The effort and energy have been there all season for Kyle Okposo, who’s embraced his physical, grinding role as a power forward on the Islanders top shut-down unit. After an admittedly slow start statistically to the 2012-13 season, the Islanders right winger has turned things around with points in seven of his last 12 games.
Okposo says he hasn’t made any radical changes to his game to account for his production, but in recent weeks his hard-nosed style has worn on opponents, causing turnovers and generating opportunities for his line to strike.
“I’m playing with some confidence,” Okposo said. “Obviously, it was a frustrating start to the season for me. But you just have to keep going. We have a chance to make the playoffs and that’s what really makes me tick.”
The Islanders are 6-1-1 in their last eight games, and secondary scoring has been a big reason why. The line of John Tavares, Matt Moulson and Brad Boyes line was responsible for the lion’s share of the offense in the early stages of the season, but recently, the trio of Okposo, Frans Nielsen and Josh Bailey has paid dividends for the Islanders, producing a goal in each of the last four games. Three of the four goals gave the Islanders the lead, while the other was Okposo’s game-tying marker late in regulation to force overtime Thursday at Washington.
Okposo’s non-stop motor has been paramount to the line’s success in recent games.
“I think when he’s going, that line is better,” Head Coach Jack Capuano said. “He’s just working harder. With the lockout, it takes certain guys a little longer to get going. Maybe he was one of those guys. But he’s doing the right things - playing physical, shooting pucks. He’s making plays and showing a lot more confidence. He’s much more relaxed and when you do that and have the poise that he has, you’re going to have some success.”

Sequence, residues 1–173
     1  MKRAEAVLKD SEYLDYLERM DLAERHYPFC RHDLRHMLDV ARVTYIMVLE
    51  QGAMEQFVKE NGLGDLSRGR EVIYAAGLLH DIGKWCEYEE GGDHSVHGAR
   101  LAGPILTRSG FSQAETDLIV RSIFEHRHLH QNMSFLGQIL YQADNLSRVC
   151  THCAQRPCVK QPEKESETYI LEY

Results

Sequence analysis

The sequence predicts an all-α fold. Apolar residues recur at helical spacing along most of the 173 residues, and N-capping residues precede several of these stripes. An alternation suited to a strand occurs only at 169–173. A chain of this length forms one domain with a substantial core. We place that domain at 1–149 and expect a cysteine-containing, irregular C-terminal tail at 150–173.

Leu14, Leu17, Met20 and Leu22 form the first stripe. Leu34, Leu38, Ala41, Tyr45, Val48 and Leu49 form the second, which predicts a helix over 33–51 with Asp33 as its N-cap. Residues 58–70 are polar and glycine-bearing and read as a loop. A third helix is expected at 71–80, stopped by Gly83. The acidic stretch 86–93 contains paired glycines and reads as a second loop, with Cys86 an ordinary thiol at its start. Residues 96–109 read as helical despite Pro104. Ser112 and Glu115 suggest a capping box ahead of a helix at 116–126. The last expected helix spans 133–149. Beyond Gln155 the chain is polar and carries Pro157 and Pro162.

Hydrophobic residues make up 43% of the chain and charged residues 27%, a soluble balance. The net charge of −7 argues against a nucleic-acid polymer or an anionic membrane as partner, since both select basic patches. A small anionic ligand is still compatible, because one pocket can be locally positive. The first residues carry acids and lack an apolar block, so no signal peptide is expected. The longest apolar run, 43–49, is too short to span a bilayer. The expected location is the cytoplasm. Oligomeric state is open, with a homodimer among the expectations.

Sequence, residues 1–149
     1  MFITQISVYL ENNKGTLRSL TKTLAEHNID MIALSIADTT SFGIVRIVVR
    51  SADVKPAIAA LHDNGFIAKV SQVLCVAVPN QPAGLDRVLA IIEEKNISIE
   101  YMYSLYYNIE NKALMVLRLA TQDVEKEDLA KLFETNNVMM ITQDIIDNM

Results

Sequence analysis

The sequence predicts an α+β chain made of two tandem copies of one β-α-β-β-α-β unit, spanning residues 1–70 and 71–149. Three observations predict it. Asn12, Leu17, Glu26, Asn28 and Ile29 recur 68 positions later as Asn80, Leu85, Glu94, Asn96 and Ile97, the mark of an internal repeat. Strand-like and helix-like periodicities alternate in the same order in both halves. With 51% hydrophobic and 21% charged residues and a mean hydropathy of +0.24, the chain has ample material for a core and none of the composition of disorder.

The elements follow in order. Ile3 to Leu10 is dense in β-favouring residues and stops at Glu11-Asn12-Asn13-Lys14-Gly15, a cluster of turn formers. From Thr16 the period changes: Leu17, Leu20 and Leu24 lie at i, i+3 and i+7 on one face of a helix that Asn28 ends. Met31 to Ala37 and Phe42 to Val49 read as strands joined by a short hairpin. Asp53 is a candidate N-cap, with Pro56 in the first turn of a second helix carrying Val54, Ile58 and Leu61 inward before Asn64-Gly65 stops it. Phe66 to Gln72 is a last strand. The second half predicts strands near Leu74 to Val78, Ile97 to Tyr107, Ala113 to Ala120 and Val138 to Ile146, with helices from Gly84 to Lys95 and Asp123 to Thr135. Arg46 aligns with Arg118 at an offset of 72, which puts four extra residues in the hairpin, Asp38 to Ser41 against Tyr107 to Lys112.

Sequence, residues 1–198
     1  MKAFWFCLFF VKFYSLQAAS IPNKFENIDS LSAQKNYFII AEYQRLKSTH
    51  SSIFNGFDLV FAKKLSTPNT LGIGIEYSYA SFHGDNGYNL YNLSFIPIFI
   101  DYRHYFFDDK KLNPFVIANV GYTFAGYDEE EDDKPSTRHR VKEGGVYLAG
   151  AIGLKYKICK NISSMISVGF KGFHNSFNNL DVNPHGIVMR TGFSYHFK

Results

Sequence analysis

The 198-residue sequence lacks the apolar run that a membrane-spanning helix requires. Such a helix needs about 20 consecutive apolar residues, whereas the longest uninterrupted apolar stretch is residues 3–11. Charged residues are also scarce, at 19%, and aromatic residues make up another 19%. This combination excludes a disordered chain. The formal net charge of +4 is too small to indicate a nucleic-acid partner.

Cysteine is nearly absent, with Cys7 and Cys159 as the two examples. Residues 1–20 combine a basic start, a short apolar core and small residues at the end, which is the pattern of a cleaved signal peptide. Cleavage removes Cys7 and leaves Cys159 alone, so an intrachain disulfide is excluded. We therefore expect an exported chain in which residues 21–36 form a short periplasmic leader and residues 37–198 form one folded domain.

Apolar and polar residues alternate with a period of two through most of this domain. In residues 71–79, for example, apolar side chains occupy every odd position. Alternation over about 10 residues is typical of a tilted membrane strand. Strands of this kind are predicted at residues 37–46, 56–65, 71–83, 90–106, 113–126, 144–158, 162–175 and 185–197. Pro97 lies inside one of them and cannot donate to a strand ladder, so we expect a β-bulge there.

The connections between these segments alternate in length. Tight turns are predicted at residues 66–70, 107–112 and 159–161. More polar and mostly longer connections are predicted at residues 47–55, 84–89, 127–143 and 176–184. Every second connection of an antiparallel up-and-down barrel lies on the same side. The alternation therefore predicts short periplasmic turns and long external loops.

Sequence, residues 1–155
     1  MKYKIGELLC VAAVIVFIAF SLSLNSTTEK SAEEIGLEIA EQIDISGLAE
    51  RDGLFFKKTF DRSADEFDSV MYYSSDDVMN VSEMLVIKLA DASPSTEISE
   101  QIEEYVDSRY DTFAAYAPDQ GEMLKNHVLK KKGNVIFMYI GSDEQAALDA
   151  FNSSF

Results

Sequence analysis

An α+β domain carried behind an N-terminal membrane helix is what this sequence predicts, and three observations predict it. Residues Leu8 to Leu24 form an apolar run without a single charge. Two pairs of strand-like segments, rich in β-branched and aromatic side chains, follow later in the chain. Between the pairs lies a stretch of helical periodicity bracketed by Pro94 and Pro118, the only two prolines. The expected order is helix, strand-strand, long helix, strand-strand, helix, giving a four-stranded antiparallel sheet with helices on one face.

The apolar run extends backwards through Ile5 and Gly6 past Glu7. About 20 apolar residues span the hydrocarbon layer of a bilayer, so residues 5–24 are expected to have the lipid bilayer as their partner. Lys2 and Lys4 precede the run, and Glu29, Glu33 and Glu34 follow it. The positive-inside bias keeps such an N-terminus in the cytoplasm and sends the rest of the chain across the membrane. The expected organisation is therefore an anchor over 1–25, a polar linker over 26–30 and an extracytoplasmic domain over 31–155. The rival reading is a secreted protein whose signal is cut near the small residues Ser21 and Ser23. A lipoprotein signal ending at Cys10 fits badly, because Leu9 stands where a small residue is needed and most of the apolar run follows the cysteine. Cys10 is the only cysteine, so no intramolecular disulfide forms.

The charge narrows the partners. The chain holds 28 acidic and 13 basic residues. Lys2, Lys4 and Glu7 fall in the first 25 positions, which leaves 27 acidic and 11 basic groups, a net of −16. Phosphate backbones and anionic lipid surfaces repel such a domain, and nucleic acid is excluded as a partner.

In the second period Saturday at home against Tampa Bay, Okposo maneuvered around the Lightning zone before setting up Bailey in front of the Lightning net for a go-ahead goal in the second period. It was exactly the combination of battle, determination and patience that makes the seventh overall pick in the 2006 NHL Draft so dangerous.
“It was a heck of a play by Kyle,” Bailey said. “He had the puck on a string out there. He beat a couple of guys and showed great patience. He found me in front with my stick on the ice. I didn’t even really see the puck come through, but I tried to get ready because I knew he was going to put it there.”
The goal, which came less than four minutes after Tampa Bay had tied the game, gave the Islanders a 2-1 lead and sparked the team to a 4-2 victory. Okposo believes the line’s biggest contributions come in the form of a solid two-way game, which in turn produces opportunities that show up on the score sheet.
“We’ve been responsible defensively and it’s been leading to more offensive chances too,” Okposo said. “We trust each other – we know where each other are going to be, and that if one of us makes a mistake, they’re going to get back or someone is going to cover for them.”
Nielsen added that when the line was struggling to find its groove in February, the focus remained on defense first. And their fortunes have reversed lately: the trio has combined for 20 points and a plus-18 rating over the last nine games, dating back to March 22.
“We’ve been good without the puck and played good defense. That’s what we talk about when we’re struggling and it’s the change we made. It’s not like we changed anything offensively. It’s our game without the puck that’s helped us.”
Nine games remain on the regular season schedule, with a two-point gap between seventh and 10th place in the Eastern Conference. If the eighth-place Islanders are going to continue their strong push into the postseason, the line’s defense-first mantra is going to be an essential piece of the puzzle.
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